There’s a lot I love about the web. And as passionate as I am about attribution and misappropriation, I’m still kind of smitten by the way an image can take on a life of its own.
Case in point: Back in 2007, my laptop was stolen. Mainly as catharsis, I posted these selfies from the webcam of the replacement computer: The five stages of grieving for your stolen MacBook. Continue reading
Licensed under a Creative Commons Attribution International 4.0 License. So feel free.
Having reviewed my posts over the last several years, I’ve realized that they’re almost entirely made up of darlings. In fact, if you check the source code, you’ll see I make liberal use of the little-known
(By the way, a lot of folks attribute this quotation to William Faulkner. But the evidence indicates it actually originated with Sir Arthur Quiller-Couch. And while we’re at it, Gandhi probably never said “Be the change you wish to see in the world.” )
Free up your schedules, cancel your appointments and hold your calls starting 11 am Pacific tomorrow: Tod Maffin is holding a free webinar on Facebook marketing. Here’s the agenda:
- How to advertise on Facebook — even without a penny in your budget
- The formula to determining what posts to “boost”
- What the “perfect” Facebook ad looks like
- My best three secret Facebook advertising tricks to extend your PPC budget
- How to bypass Edgerank and get nearly all your fans to see your posts
- The magic “retargeting” tactic that drives up visits and conversions
- Get more Facebook Likes, Twitter Follows, and YouTube Subscribes
Tod’s one of the best presenters and trainers I’ve encountered, and this promises to be well worth your while.
For whatever reason – not enough food with the wine at dinner, a coup d’état in the brain where the amygdala seizes control, or just a moment of weakness – someone in a position of prominence and authority posts a Dumb Tweet.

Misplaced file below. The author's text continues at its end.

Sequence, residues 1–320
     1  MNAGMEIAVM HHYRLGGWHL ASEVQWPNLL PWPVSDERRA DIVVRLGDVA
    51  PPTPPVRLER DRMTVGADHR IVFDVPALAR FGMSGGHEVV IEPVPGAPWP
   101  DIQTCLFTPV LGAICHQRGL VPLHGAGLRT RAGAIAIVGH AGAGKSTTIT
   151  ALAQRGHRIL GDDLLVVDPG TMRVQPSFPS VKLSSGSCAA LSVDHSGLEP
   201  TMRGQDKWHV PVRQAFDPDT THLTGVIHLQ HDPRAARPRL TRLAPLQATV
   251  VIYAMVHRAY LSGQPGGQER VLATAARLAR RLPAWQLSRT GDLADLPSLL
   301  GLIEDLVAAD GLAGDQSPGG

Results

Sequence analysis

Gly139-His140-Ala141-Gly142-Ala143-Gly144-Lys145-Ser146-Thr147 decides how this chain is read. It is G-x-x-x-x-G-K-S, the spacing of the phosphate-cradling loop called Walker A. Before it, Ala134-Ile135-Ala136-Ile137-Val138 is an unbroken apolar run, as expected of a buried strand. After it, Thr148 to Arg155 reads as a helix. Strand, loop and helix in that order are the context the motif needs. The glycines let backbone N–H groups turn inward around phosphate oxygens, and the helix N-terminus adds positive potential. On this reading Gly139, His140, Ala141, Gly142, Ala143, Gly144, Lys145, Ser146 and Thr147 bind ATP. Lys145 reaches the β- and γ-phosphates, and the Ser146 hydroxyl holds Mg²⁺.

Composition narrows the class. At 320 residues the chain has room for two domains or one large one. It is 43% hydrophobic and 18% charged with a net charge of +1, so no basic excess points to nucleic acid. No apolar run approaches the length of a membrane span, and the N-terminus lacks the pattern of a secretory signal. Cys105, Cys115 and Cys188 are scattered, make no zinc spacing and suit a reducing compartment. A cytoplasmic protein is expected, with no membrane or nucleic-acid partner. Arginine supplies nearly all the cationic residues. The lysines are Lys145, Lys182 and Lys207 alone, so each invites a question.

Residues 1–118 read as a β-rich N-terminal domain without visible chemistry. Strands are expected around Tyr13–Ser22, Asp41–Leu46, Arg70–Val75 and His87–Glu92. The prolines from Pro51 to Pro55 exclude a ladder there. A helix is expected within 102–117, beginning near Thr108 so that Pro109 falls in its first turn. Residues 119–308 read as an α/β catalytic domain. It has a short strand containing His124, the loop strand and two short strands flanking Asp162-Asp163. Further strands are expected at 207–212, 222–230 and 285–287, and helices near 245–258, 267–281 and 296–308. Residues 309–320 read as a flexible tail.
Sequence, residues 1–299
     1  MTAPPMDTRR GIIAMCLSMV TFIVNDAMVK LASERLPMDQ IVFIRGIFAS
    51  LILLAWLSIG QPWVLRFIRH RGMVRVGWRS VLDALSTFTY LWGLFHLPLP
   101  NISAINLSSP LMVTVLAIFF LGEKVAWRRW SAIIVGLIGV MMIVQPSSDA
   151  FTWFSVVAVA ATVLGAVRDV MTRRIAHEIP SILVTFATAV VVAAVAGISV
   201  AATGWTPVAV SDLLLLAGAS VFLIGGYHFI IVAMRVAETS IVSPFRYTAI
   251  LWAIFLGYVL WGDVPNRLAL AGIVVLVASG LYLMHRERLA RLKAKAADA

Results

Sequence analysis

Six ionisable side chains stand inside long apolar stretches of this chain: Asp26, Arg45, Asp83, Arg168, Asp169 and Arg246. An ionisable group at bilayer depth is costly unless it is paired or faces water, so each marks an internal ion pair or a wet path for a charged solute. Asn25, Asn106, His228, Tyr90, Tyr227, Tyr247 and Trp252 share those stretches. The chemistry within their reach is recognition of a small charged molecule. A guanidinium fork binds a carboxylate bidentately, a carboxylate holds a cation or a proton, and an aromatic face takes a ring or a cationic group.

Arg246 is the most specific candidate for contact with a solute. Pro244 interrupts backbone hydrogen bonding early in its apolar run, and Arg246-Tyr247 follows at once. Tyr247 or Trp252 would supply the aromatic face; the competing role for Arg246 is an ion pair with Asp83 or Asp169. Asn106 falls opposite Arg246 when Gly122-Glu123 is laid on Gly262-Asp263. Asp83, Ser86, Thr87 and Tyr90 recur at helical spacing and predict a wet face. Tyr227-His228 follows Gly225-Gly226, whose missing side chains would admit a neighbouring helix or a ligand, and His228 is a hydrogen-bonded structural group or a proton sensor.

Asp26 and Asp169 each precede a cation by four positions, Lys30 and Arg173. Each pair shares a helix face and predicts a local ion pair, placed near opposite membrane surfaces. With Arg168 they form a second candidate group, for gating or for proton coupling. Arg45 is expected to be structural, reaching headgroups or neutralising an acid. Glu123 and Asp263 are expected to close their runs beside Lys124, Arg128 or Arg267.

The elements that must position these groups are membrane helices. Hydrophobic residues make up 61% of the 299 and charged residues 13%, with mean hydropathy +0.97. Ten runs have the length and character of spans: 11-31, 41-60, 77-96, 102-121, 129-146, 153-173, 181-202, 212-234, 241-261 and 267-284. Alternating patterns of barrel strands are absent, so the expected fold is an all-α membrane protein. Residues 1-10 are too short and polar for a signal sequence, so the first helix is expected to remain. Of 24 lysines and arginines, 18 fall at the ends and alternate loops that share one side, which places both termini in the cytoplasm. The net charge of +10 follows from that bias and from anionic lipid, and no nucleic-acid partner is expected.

When you want solid advice on social media, backed up by years of experience with both non-profits and businesses, you go to JD Lasica.
And so did I, for a half-hour conversation that touched on everything from why letting your audience see your slides in advance may not be a bad idea, to how speaking and community-building go hand-in-hand.
Listen to JD, then explore these links for some terrific resources:
- JD Lasica: home page, Twitter, Facebook, LinkedIn, Vimeo, Flickr, Slideshare - and his Wikipedia entry
- Darknet, JD’s book on Hollywood’s assault on digital-age freedoms
- Socialmedia.biz, the business-focused social media consulting firm JD founded
- Socialbrite, JD’s firm focusing on non-profits and social enterprises
- The Socialbrite sharing centre, a learning hub for non-profits and changemakers
- Creative Commons and Creative Commons search on Flickr
With this episode, we flip the mic (metaphorically) and talk with someone who’s a lot more used to writing speeches than delivering them. That’s not to say Ian Griffin isn’t at home behind a podium; he’s an accomplished speaker and a skilled communicator.
If you’re in the tech industry, you’ve probably heard his words; Ian has worked in executive communications at Cisco, Hewlett Packard and Sun Microsystems. He’s also incredibly generous with his time and expertise, as many Silicon Valley communicators who’ve attended one of his presentations can tell you.
In this interview, he asks why we put so much effort into creating a speech, and then fail to do that little extra bit that can help it reach far more people… and he offers lots of ideas for what that little extra bit can be.